Product Type: Drumond Park board games
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Spin and shout
Drummond Park Articulate!
Member Name: dee778
Drummond Park Articulate!
Disadvantages: Not suitable for younger children
Articulate has been a firm favourite with my family for many years, being dragged out of the cupboard whenever other families come to visit, and being taken on holiday as evening entertainment. It is a competitive describing game that is played in teams, and relies on quick thinking and extravagant gestures. The beauty of the game is that teams can be formed which combine a variety of ages. In this way the youngest and the oldest can contribute equally, with nobody feeling silly or left out. Articulate is a fast moving, shouting, competitive team game that can leave you helpless with laughter.
Articulate is currently sold on Amazon for around £35.
The game consists of a circular game board with a black spinning arrow which slots into the hole in the middle. The board folds into quarters so that it can fit inside the box. On the board there are different coloured segments which radiate out from the centre. These segments have the words Random, Nature, Object, Action, Person or World on them. The Object segment is light blue, the World dark blue, the Person yellow, etc. The words Start and Finish are written on two adjacent segments, and there are also random white segments with an ace of spades symbol. These are Control segments.
There are also four conical counters (blue, yellow, gold and red), an egg timer and a set of question cards which are kept neatly in their box. On each question card is a colour coded word which corresponds to the coloured segment on the board. A typical example would be P(person) Take That; R (random) heartbreak; N(natural world) Mercury; W (world) Westminster Abbey. Every segment on the board has a corresponding word on the question card.
The questions can become a bit dated or the players get to know the answers, so upgrades can be bought to keep the game fresh. I recently bought Extra Pack number 2 from Amazon for around £15. This helped a lot, as the children looked completely blank when asked to describe Harvey Smith or Tommy Cooper. The new pack includes a much more current and broader list.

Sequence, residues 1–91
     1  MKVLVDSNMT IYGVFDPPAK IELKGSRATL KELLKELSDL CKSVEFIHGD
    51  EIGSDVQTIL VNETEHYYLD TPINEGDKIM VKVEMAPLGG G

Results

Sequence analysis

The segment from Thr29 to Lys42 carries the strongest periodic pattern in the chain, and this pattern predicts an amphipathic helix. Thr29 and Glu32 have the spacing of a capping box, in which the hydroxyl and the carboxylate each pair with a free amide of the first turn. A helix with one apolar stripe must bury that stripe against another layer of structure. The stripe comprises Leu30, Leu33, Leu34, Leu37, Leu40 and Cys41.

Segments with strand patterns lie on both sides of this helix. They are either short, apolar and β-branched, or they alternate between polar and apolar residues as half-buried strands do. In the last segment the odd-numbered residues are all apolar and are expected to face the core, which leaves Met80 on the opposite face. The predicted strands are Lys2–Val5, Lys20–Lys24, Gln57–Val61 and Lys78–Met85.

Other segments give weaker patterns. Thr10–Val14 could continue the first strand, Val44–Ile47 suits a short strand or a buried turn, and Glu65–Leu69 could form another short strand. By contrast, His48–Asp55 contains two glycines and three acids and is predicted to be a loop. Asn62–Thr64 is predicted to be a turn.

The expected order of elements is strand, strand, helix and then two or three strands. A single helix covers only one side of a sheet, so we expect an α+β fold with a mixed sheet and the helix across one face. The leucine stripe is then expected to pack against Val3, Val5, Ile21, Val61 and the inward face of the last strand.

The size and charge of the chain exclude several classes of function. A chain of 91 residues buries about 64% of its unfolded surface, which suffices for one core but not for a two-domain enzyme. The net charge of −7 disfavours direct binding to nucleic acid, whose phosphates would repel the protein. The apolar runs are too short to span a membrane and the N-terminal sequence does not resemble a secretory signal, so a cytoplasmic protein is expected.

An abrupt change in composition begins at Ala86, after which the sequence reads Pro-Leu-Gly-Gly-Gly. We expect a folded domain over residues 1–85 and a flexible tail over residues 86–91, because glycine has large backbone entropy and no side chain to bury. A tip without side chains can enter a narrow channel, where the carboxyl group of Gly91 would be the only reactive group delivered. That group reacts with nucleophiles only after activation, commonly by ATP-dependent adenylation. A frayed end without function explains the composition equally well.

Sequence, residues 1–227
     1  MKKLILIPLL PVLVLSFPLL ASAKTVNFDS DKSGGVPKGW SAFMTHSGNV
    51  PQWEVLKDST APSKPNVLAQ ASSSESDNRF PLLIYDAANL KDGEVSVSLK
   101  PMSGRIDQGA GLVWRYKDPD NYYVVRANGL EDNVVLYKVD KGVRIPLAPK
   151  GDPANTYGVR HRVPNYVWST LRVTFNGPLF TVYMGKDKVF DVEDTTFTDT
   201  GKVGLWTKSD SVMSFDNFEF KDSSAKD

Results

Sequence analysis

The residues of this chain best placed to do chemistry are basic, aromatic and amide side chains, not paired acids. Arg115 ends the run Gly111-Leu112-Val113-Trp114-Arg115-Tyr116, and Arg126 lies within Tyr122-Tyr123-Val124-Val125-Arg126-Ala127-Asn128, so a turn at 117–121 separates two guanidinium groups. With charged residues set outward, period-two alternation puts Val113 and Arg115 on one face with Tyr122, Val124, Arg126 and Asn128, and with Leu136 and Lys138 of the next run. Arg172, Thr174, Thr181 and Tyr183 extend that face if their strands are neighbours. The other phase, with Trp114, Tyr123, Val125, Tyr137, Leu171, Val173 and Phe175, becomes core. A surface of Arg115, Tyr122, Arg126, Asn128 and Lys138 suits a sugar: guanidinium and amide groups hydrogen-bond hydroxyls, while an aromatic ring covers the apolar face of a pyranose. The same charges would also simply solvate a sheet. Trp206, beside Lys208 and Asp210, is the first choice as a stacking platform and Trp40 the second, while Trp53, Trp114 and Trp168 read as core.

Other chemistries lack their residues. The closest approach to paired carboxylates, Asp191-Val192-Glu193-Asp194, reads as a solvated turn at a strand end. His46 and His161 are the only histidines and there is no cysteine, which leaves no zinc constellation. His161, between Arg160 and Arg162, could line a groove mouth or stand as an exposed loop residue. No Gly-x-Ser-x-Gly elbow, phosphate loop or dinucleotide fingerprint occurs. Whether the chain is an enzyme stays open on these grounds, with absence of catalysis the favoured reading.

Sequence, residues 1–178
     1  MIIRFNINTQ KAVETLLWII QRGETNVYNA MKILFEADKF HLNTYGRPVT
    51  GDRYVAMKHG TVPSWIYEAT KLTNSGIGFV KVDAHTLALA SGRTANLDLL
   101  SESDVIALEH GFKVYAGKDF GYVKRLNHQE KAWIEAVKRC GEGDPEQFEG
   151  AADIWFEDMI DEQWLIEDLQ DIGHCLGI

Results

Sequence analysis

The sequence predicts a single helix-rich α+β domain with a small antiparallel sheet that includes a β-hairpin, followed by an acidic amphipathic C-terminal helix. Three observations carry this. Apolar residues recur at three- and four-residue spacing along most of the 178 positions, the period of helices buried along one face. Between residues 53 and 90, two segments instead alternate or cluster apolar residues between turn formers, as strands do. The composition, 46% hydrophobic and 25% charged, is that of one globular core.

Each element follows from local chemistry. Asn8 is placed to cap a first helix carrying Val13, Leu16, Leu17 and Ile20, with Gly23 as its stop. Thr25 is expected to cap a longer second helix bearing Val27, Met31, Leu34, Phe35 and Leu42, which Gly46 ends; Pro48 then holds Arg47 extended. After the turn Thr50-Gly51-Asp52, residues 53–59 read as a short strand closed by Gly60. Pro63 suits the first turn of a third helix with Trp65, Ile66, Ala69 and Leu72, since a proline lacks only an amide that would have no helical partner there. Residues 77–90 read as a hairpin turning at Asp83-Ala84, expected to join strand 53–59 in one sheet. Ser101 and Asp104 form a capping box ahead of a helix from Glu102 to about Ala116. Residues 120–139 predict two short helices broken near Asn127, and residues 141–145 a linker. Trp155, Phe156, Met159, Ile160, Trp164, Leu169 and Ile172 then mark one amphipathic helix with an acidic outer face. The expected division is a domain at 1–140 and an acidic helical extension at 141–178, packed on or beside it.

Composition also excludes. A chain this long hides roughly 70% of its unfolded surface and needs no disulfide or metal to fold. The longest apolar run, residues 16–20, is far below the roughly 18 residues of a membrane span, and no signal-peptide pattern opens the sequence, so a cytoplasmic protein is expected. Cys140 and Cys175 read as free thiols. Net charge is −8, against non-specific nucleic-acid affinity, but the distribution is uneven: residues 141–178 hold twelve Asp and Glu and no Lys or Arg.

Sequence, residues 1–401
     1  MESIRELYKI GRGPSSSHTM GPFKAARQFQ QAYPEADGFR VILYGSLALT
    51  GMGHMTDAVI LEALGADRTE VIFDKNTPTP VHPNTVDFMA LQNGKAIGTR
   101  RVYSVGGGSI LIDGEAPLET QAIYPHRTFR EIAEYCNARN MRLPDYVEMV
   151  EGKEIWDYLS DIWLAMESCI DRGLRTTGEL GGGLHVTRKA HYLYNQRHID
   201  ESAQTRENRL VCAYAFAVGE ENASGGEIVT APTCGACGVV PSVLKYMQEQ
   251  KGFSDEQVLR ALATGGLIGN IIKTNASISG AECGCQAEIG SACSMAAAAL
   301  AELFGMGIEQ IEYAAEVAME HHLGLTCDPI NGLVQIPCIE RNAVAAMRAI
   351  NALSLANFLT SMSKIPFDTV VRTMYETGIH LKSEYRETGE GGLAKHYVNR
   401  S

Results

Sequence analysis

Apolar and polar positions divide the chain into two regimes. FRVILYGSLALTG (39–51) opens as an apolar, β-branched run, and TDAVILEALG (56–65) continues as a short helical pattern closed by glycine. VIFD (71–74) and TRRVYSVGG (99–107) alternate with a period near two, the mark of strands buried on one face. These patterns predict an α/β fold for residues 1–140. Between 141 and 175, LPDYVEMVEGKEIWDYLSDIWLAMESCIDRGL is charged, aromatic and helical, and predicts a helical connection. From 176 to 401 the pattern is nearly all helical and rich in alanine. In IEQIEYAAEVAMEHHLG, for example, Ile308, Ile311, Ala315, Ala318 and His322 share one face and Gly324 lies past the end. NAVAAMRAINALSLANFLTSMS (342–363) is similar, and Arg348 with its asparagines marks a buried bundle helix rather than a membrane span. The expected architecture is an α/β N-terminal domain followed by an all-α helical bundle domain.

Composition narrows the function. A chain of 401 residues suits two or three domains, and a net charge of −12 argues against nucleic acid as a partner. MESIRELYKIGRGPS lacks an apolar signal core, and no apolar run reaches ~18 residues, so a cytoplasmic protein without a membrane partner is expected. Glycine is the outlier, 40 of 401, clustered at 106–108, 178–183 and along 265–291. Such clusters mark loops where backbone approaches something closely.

The game is made by Drummond Park, and is of good quality. Over years of use, the board, arrow and timer have not suffered any wear and tear. The cards are thick with a shiny surface so that they do not become dog eared or dirty.
The guidance on the game is that it is suitable for 4 to 20+ players, aged 12 and over. I would judge the age range to be pretty accurate; I have played with younger children but they find the game too fast and the questions too difficult.
The object of the game is to work in teams, placing your counter on the start and correctly guessing the answer to the questions that your team mate is answering. The counter is moved around the board, and the first team to reach the finish wins.
Teams can consist of 2 people upwards, but the game is most enjoyable when there are 4 to 6 people in each team. Each time nominates a describer - the rest of the team are guessers. The arrow is spun round until it points to a category; a card is taken out from the front of the pack and the appropriate category is read by the describer.
The opposing team turns the egg timer upside down and shouts Start. The describer must then describe the appropriate word on the card as quickly as possible until their team members guess the correct answer and they can move on to a new card and describe another work in the same category. When the timer runs out, the team counts the number of correct answers and moves their counter around the board the corresponding number of segments.
The rules of describing are that you must not say the letter the word starts with, you may not say the word or any derivative, you must not use Rhymes with or Sounds like clues. You can only use gestures, acting or miming to get your team mates to guess correctly.
If the counter lands on a white control segment, the describer describes the word in the white category to everybody playing and play passes to the first team to shout out the correct number.
The more desperate a team becomes to win, the more hilarious the frustrated describer becomes. Describing words like Bart Simpson ... or Damp ...or Jerking lead to some frantic acting.
This game has been worth every penny I paid for it over the years. It has grown up with my children, and they love it just as much now (as adults) as they did when they were 12. I have seen it brought out when they have their friends over, and we have equally played it with groups of adults at parties. It really is a game for all ages, and after a couple of drinks the describers can come out with some hilarious and desperate gestures which are even more amusing for the opposing teams.
Summary: A family game that will last for years